Q: Can people still travel to countries in the Arabian Peninsula or neighboring countries where MERS cases have occurred?

A: Yes. The Centers for Disease Control and Prevention (CDC) does not recommend that anyone change their travel plans because of MERS. The current CDC travel notice is a Watch (Level 1) which advises travelers to countries in or near the Arabian Peninsula to follow standard precautions, such as hand washing and avoiding contact with people who are ill.

 

Sources: Centers for Disease Control and Prevention (CDC)

World Health Organization (WHO)

 

The DFA and DOH released the following guidelines for protection against the disease:

1. Practice proper hand hygiene always, by washing your hands with soap or hand rubs with alcohol before and after eating; before and after handling, cooking and preparing food; after coughing, sneezing and using the toilets; and before and before and after touching animals.

2. Practice proper cough etiquette by covering your mouth and nose while sneezing or coughing. Use a facial tissue when coughing or sneezing and cover your mouth and nose with it. Dispose the tissue in a waste basket.

3. Avoid contact with farm and domesticated animals, including camels.

4. Avoid contact with sick or infected with MERS-CoV. If you have respiratory illness, stay home and wear a surgical mask to protect your family members.

5. If you are a health worker, strictly follow infection control protocols in your work.

6. Visit your doctor, a hospital or health facility immediately if symptoms of MERS-CoV manifest itself, including, persistent coughing, and other.

7. If you were in close contact with a confirmed MERS-CoV patient, comply with local health regulations and postpone any trip abroad until after test results are negative.

8. Practice healthy habits such as regular exercise, balanced and nutritional diet, and adequate sleep of at least eight hours, as it would help strengthen the body’s immunity.

 

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DOH Secretary Enrique Ona talked about the symptoms of MERS-CoV on ANC’s Headstart.
Read more about this here.

 

Saudi Arabia’s Minister of Health’s Statement on the virus:

Dr. Al-Rabeeah: “Situation of Coronavirus Is Reassuring, It is not Epidemic, Praise be to Allah” 

His Excellency the Minister of Health, Dr. Abdullah bin Abdulaziz Al-Rabeeah, has announced that the situation of the Novel Coronavirus (MERS-CoV) is still reassuring, thanks to Allah. “The number of Corona cases recorded is not different in Jeddah than all other regions of the Kingdom,” said Dr. Al-Rabeeah. “The Ministry of Health (MOH) has noticed, by the onset of 11 cases in Jeddah, such limited increase of cases over the past few weeks. However, the rate of incidence is still low, and doesn’t represent an epidemic, May Allah be praised, according to the criteria of the World Health Organization (WHO) and the relevant scientific committees.”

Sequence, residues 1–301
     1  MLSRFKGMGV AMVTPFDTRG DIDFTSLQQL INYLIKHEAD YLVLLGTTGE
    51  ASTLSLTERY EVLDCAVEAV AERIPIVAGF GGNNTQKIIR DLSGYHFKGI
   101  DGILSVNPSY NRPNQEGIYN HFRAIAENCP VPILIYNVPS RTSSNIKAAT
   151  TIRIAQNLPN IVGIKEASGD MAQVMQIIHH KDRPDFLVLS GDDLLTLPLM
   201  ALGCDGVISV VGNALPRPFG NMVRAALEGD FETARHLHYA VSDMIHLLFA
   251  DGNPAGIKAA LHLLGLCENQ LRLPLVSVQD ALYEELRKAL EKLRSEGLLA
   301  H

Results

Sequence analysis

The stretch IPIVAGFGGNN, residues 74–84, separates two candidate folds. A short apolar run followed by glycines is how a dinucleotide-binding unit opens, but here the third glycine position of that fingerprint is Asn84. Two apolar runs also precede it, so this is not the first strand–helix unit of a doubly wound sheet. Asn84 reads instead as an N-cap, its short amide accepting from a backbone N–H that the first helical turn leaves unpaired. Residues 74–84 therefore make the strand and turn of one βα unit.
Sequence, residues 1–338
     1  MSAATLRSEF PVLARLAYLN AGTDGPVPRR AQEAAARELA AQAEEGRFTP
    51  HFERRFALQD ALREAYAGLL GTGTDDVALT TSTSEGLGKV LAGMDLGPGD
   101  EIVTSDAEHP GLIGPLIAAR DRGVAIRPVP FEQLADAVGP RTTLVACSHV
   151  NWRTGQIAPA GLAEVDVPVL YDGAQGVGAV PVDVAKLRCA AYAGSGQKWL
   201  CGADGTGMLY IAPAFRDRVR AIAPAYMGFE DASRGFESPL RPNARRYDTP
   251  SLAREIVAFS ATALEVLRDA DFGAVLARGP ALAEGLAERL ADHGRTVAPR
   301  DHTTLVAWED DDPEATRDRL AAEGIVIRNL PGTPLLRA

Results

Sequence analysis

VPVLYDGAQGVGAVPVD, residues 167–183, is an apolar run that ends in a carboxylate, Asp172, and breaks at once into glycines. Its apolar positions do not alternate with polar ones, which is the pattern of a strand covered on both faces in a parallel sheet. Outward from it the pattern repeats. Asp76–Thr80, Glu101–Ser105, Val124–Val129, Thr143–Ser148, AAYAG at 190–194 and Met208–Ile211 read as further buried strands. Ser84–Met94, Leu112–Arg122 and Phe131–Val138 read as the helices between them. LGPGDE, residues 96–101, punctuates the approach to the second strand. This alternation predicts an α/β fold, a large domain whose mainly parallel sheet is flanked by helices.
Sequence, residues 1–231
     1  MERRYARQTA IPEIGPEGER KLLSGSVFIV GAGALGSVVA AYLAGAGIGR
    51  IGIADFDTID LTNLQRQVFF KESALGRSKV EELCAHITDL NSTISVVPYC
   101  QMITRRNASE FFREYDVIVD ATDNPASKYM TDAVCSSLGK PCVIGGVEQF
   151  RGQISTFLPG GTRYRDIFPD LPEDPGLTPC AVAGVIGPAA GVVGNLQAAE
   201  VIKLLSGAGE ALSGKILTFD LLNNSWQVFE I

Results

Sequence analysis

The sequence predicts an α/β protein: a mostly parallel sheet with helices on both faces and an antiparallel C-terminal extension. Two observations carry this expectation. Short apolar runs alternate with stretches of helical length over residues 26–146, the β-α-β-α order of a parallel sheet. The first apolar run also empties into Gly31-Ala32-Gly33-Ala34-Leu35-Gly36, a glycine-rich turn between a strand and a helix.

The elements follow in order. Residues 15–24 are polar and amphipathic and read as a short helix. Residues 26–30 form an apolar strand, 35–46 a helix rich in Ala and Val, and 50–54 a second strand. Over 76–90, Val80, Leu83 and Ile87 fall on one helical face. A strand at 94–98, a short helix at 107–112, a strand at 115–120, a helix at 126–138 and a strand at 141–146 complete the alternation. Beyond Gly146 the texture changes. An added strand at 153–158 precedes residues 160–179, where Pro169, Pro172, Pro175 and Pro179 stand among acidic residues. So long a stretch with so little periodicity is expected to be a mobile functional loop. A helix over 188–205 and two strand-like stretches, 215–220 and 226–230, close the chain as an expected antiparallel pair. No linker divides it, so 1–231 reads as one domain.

Within the same vein, Dr. Al-Rabeeah called upon all citizens and residents not to be misled by rumors or unreliable information published via the social networking sites. Meanwhile, he urged the various mass media to receive their information from the accredited state entities, namely the MOH Agency for Public Health, the MOH Portal, or the MOH spokesman. “The Ministry is to inform all people of the updates or any important information in this regard,” stated Dr. Al-Rabeeah, indicating that the MOH Portal is provided around the clock with the updates and new cases of Coronavirus.

Furthermore, Dr. Al-Rabeeah called upon everyone to follow and adhere to the health instructions, guidelines and awareness tips issued by the Ministry in this regard; in order to protect themselves against this virus, by means of keeping away from the suspected cases, wearing masks and washing hands thoroughly when contacting with cases of respiratory tract inflammation. Dr. Al-Rabeeah has further pointed out that Ministry provides the health care followed in such cases, and keeps in constant contact and fully fledged coordination with the WHO and the national and international scientific organizations, to find out the all-new. Besides, he has highlighted that the National Scientific Committee for Infectious Diseases will hold its meeting on Thursday, to discuss the latest developments of the virus locally and internationally.

Finally, the Minister of Health has said, “The Coronavirus is novel and still mysterious worldwide, that we do not yet know a lot about ways of its transmission. Even, there is neither vaccine nor medicine for it.” Dr. Al-Rabeeah has prayed for Almighty Allah to preserve this country, its leadership, its citizens and all those who live on its land from all evils.

 

 

If you know of possible cases of the MERS virus involving OFWs in Saudi Arabia, please contact the Philippine Embassy in Riyadh:

 

Address: Diplomatic Quarter, Ummayah Abu As-Salat Street

P.O. 94366, Riyadh 11693

Phone numbers: 482-3559, 482-0507, 482-1577

Fax: (96611) 488-3945

Email:  [email protected]

Website: http://www.philembassy-riyadh.org/

Facebook Account: http://www.facebook.com/philembassyriyadh

Working hours: 8 AM to 5 PM, Sunday to Thursday